User Review: MSR Denali
Source: bought it new
Price Paid: $139
Tough, suits any size of person or body weight, great on packed trails or in deep snow. Inexpensive, but will last for many years.
- Excellent integral crampons.
- Easy binding system
- Flexible for any body weight
- Natural gait when wearing them — no more duck walks
- Extra tails can be carried for different snow conditions
- Squeeky on packed snow (and so what?)
- Careful with the elastic straps - can cut off circulation to toes!
- Possible fragility of plastic in very cold conditions
(Denalis on Coliseum Mountain)
Sorry to see the Denalis have been discontinued, but the new Evo line seem to be almost identical.
I've used my Denalis for a few years, under all kinds of conditions, from short dayhikes to longer walks, and have had the opportunity on group hikes to compare them with many other brands. Others flip snow up your back, or are too cheap and flimsy (try walking out for a few km with one busted snowshoe!), or are way too large for comfort. The Denailis always come out on top.
Unlike the old-fashioned tennis-rackets, the 8" wide Denalis let you walk with a normal gait - no more duck-walks - and can be tailored to suit snow conditions. They work well in soft powder or hard-packed snow, and the plastic deck shakes off any snow that gets on top.
I have the 4" and 8" tails, but since I only weigh 155 lbs, I have rarely needed the longer ones. Since most snowshoeing trails are already packed down a bit, I'm usually just fine with the bare snowshoe, making it only 22" long, which is short enough for a comfortable walking step.
I'm not impressed with the up-sells that sales people will try to push you on. For an extra $30-40 you can get a version with a little metal clip that holds the snowshoes at an angle away from your foot. Sold as the 'ascent' version, few people will be doing a long enough climb to warrant the extra cost.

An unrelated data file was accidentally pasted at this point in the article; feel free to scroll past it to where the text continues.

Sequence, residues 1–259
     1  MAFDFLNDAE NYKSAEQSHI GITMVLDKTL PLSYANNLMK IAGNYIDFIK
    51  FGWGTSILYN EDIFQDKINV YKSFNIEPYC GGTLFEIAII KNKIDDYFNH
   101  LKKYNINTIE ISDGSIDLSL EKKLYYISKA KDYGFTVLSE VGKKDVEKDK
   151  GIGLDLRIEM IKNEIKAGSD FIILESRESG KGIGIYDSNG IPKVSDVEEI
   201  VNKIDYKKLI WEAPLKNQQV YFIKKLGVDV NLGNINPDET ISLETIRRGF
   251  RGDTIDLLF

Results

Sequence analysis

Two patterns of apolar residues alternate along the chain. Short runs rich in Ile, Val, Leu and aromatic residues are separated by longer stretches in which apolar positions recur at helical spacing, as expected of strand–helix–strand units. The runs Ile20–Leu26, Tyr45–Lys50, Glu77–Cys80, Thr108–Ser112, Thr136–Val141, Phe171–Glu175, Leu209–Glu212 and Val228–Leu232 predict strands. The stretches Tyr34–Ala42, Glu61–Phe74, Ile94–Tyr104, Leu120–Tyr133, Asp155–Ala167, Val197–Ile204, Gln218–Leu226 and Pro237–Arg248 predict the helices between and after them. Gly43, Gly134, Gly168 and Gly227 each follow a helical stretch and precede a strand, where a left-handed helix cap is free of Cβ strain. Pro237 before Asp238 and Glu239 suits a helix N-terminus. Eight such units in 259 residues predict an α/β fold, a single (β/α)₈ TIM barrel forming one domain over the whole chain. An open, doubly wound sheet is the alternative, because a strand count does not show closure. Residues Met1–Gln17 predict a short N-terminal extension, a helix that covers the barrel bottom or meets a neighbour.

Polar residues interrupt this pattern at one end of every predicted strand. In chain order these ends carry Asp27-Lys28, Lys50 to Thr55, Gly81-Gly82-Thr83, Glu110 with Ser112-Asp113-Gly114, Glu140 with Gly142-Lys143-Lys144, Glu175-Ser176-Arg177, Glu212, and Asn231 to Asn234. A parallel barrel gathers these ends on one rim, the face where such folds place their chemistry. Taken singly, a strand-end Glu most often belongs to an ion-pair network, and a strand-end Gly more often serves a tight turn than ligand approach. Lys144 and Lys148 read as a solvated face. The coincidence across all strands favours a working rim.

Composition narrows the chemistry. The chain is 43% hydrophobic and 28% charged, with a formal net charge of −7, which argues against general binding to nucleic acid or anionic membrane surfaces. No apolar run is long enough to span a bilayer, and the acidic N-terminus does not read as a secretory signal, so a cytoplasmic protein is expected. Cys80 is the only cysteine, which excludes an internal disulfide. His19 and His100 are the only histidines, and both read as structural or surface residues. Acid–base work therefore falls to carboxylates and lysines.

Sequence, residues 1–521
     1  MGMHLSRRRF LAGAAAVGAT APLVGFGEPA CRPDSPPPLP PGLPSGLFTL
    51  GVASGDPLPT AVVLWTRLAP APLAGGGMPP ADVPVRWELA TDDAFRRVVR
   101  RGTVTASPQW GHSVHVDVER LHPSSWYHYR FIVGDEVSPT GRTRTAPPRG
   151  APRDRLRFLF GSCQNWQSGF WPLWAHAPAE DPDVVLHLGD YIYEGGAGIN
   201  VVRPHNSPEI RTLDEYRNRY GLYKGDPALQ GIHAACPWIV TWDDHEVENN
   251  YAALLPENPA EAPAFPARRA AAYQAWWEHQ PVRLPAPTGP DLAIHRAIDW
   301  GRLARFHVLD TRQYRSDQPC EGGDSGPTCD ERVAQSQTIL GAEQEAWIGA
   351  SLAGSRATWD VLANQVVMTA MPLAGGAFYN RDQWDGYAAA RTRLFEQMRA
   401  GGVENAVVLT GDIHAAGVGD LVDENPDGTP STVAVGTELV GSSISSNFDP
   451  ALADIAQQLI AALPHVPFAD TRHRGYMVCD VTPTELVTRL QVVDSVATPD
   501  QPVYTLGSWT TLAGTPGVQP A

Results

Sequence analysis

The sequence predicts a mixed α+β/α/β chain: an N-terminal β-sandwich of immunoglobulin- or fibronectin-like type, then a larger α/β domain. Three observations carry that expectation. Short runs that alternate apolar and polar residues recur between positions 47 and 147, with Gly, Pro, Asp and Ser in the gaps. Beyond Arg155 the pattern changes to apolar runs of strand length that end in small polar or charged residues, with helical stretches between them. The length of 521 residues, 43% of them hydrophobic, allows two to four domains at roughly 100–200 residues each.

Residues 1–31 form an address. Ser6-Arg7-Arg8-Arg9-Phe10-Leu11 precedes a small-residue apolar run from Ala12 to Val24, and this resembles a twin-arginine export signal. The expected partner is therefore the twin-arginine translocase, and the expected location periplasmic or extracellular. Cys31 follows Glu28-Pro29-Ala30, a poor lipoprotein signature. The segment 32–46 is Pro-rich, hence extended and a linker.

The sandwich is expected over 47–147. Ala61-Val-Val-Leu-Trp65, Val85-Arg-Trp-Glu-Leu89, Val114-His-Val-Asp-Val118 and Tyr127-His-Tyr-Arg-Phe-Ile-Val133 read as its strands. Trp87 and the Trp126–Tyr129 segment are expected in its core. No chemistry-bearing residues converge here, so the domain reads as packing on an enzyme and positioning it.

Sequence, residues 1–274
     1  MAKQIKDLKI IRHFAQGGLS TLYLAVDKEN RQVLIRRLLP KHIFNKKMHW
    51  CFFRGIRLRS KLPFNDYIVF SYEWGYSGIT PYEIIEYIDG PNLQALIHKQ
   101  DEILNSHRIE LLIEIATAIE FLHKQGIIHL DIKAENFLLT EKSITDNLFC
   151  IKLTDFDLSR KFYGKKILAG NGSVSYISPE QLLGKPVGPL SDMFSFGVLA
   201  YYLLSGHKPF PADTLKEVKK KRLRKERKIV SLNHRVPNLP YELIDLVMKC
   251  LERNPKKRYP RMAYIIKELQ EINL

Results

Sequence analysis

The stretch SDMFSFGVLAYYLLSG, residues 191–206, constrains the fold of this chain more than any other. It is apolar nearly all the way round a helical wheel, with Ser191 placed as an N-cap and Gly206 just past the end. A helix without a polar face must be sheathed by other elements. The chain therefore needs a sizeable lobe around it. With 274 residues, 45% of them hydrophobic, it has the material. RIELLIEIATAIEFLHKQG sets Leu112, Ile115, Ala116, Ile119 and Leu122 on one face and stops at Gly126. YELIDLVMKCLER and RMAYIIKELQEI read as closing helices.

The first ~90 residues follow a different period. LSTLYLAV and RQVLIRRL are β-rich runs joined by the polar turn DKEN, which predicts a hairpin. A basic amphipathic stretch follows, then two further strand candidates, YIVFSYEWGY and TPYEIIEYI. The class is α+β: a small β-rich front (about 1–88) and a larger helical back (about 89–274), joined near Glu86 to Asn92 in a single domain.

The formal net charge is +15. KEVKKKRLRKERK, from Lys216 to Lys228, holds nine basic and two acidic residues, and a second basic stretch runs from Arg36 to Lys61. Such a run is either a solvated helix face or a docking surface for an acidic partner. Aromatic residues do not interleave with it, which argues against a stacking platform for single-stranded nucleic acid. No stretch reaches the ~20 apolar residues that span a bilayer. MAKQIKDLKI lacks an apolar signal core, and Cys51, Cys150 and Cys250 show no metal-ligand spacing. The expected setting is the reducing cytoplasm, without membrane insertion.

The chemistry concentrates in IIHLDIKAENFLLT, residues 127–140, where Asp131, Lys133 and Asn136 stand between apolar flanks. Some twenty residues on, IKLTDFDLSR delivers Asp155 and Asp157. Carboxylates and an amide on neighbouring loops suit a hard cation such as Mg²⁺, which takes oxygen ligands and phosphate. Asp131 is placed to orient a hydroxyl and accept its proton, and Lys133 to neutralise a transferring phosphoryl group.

The metal crampons work very well. The ones under the toes provide a good 2" of metal to dig in on slopes, and the full length metal rails stop the snowshoe from slipping out from under the foot when crossing a slope. Bindings are easy to use; just one good tug on each and they lock into place. Unlike the ratchet style, they don't plug up or come undone easily.
I would also comment that pretty much every school board in Canada uses the Denalis as their standard snowshoe for outdoor recreation. They are adjustable enough to work well for kids of almost any age, and they are indisputably tough enough to handle any abuse. I carry a repair kit, but I've never had to use any of it.
Suggestions: get the repair kit just in case, and buy a proper bag to store the snowshoes in - those crampons can cut!
The only concern I have is that, after chasing down people in the snow at very cold temperatures (less than -25°) I've noticed a whitening of the plastic, boot prints hammered into the snowshoe material at the points of highest impact. The snowshoes are still working fine, but I wonder if they're not made for a slightly warmer climate than I have at Latitude 53°. I'd be interested to see what MSR has to say about this.
If and when my Denalis fail, I'll just move over to the Evo. As I said, it's pretty much an identical model, and I would expect it to perform the same.